I've been seeing a few of these things floating around. Supposedly, they make it easier to figure out if you typed your password correctly just by glancing at a hashed graphic representation of the password.
My first thought is of the eating-your-own-dogfood type: how do you type your password? Do you actually look at the screen as you're typing? Do you click the button or press enter to submit? If the latter, do you pause before pressing enter? Can you easily override your muscle memory and not press enter if, say, you feel you see one less * than what you think you should see? Well, maybe you're a geeky freak. Ask your friends the same questions.
Another thing that I'm wondering is whether the whole thing is redundant. Why do you need to visualize your password? Did you make a mistake? Were you not aware that you may have made a mistake?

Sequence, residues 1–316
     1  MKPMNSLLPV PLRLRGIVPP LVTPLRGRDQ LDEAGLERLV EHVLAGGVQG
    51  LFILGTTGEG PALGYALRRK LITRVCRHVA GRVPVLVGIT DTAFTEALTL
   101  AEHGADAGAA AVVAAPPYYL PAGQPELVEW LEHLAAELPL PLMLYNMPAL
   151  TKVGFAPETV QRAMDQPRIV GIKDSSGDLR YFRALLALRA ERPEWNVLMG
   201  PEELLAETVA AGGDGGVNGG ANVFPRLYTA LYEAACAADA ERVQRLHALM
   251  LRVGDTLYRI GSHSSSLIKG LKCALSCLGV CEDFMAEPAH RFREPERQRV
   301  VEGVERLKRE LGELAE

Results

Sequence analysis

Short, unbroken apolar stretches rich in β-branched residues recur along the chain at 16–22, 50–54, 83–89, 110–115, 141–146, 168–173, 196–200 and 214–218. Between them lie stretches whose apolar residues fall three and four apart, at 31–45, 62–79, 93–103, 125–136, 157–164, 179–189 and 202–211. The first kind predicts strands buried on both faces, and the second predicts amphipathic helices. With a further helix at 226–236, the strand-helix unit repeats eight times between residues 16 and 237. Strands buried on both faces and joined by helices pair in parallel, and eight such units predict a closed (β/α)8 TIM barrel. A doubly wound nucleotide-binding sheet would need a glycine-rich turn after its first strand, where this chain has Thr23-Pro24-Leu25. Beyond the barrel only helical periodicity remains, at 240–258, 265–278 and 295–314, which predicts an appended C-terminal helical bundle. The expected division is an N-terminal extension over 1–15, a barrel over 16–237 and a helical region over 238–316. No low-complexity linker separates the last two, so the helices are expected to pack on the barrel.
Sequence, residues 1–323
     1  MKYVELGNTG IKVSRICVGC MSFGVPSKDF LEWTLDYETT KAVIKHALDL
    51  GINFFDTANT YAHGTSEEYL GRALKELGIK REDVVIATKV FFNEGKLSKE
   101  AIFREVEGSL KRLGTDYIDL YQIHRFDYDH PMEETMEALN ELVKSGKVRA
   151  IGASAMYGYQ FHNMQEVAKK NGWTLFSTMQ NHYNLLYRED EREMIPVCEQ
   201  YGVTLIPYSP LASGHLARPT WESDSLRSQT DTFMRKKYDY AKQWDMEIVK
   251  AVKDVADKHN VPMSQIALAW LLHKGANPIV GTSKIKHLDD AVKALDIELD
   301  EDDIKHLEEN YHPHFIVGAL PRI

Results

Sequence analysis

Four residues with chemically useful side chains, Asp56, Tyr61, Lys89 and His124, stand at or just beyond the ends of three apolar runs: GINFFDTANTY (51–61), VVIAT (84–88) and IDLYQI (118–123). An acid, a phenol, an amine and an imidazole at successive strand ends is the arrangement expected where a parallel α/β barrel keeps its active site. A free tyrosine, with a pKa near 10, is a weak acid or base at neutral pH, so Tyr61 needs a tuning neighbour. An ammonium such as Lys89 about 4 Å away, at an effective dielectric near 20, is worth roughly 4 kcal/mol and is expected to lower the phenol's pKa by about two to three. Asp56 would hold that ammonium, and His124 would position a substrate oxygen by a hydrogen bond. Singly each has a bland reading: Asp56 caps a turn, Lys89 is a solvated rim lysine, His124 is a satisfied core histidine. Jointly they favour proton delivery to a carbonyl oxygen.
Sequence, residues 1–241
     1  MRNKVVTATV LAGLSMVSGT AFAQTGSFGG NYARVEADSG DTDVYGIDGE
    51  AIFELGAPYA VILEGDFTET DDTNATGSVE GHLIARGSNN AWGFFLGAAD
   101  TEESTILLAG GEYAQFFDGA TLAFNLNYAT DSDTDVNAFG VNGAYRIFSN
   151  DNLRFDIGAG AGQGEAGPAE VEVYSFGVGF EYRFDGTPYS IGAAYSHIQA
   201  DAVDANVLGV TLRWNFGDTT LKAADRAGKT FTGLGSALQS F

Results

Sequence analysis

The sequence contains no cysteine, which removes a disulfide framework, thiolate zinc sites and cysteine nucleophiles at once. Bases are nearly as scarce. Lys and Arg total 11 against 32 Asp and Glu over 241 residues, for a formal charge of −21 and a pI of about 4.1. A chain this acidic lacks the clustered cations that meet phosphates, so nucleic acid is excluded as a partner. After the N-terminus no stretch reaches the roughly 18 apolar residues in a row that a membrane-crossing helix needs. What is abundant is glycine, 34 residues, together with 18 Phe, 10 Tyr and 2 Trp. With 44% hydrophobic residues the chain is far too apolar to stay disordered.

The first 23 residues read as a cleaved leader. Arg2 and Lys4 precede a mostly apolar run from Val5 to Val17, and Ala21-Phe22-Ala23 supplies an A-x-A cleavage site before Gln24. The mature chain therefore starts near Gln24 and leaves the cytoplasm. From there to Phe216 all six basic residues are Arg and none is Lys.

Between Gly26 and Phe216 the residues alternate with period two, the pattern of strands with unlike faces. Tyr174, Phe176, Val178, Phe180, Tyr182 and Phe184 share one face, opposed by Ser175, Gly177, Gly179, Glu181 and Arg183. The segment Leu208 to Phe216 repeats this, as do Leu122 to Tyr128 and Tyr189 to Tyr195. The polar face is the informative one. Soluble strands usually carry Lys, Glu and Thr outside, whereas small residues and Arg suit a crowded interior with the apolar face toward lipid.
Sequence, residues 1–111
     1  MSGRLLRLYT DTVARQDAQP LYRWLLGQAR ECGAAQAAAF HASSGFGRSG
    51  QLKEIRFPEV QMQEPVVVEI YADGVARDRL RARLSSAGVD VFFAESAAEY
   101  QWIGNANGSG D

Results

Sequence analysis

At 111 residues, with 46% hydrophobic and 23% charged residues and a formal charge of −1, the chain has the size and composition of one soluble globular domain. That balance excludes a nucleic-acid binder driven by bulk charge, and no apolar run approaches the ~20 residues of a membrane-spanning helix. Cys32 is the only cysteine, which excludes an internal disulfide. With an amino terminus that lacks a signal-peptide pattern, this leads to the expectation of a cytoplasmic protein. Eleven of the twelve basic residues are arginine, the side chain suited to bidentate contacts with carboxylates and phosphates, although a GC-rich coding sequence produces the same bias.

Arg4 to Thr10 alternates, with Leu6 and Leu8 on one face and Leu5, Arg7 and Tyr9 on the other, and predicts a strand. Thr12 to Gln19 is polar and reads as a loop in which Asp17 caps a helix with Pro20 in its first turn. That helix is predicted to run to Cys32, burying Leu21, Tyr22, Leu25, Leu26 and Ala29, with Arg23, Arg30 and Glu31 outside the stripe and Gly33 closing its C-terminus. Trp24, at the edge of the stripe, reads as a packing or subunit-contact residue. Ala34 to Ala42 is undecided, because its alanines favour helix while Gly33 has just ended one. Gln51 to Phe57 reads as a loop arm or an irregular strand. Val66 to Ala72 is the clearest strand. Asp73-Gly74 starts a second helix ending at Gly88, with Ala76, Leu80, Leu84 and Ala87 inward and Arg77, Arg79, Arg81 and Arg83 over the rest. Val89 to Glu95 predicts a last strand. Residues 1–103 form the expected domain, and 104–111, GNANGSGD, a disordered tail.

And one last thing. What was the last ad you saw about? Chances are you didn't even see it. What makes a graphic feedback icon any different? It's very easy to miss things that you aren't expecting. For example, I often miss a "check user ID availability" button when signing up for a free game simply because it's just a bit off of where I'd expect an interactive piece to be next.
I don't know about anyone else, but I don't really care about hash strength and all that crap people throw around to make themselves look smart in HN or whatever. If people really wanted to get your password, they would. There are so many non-cryptographic ways to do it, it's not even funny.
What matters for an UI experiment is that it plays well with users' behaviours: I type my passwords looking at the keyboard and press enter by muscle memory. I subconsciously dismiss things as visual noise when they are not absolutely required to the task at hand.
So far, the password visualization experiments I've seen don't address any of those behaviours.